McLay wrestles with taking on a new role for team

Aaron Blake

All 184-pound Minnesota wrestler Josh McLay had to do to win his biggest match of the season on Feb. 15 was stand up – kind of.

McLay’s effortless escape at the beginning of the third period and a second stall warning on Iowa’s 13th-ranked Paul Bradley midway through the period gave McLay a 2-1 lead he wouldn’t yield.

The match itself was hardly thrilling enough to bring the crowd to its feet. But the context of the match made Gophers fans holler louder than they had all night, and Minnesota went on to defeat the then-eighth-ranked Hawkeyes 18-15 in a stunning comeback spurred by McLay’s upset.

The junior has struggled to a 10-13 record since switching from 174 to 184 pounds early this season. But just as his team is headed in the right direction as it nears the postseason, he and others said they feel a few minor adjustments and experience are soon to pay off.

The key for McLay now is being comfortable enough with bigger opponents to be aggressive and score points.

“I’m a real defensive wrestler,” he said. “And, especially now that I’m going up a weight class, I have to be extra careful for that. It makes it even more low-scoring of a match, because, any mistake I make, I can be taken down because they’re so big.”

The statistics tell the story of McLay’s defensiveness.

Each of his eight Big Ten matches were decided by two points or less, and the average match included less than five total points. Nobody has scored a major decision on him the whole season.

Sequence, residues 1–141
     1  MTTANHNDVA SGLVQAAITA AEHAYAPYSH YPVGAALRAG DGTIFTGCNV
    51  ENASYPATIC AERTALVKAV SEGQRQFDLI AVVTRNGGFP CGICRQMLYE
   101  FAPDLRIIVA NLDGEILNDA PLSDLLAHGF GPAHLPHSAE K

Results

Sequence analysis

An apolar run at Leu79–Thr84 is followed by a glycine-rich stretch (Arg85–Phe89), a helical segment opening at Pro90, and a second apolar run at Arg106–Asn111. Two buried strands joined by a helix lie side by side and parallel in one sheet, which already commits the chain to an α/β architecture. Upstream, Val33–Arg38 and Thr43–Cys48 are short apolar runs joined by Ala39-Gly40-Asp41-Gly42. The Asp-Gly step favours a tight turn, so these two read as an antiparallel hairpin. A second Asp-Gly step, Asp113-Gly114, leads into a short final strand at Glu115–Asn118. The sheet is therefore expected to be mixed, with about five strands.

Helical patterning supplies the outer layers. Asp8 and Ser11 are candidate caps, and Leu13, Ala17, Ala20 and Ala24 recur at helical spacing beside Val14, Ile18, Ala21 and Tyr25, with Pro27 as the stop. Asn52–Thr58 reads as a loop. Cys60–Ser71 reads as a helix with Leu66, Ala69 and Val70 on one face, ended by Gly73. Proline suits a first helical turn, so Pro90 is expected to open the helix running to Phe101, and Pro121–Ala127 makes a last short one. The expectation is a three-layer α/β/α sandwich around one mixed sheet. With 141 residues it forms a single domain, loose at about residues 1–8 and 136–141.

“Because of the size, he has a little bit of a hard time scoring,” 197-pound national champion Damion Hahn said. “But it’s almost impossible to score on him, and, in his matches, it shows.”

Thankfully, the evidence of McLay’s recent progress at the new weight is also apparent.

Though he began the Big Ten season 0-5, McLay has rebounded to win two of his final three conference matches – including the one over Bradley.

On Sunday, he nearly defeated the defending national champion at 184 pounds, Oklahoma State’s Jake Rosholt. In a reversal of the Bradley match, Rosholt scored a 2-1 decision as a result of what Hahn called an “iffy” second stall warning on McLay.

Hahn can relate to McLay’s experience at a new weight, although it came much easier to him.

Hahn switched from 184 to 197 pounds early last season, but for different reasons. He said it was a drain on his body to wrestle at 184 pounds. Because the team didn’t have a strong 197-pounder in place, he took the step up so he could focus on wrestling instead of weight.

Hahn’s switch was much more natural for his physical stature, though. McLay admitted he’s even a small 174-pounder and that he could probably wrestle at 165.

But increased his body mass (he’s up to the low-180s now) and strategy adjustments under the guidance of coach J Robinson are starting to come in handy.

“What J’s trying to work on with me is changing my offense so I don’t have to put myself underneath guys and get extended,” McLay said. “When that happens, all of their weight comes on top of me and makes it that much harder.”

Now McLay needs to find a way to turn low-scoring matches into victories by taking advantage of scoring opportunities when they present themselves.

Or maybe stalemated matches like the victory over Bradley will be good enough.

“He had a huge confidence boost in that match,” Hahn said. “I think it’s just going to keep progressing as we go into the Big Ten Tournament. He’s going to turn it up, and I think he’s going to surprise some people this year.”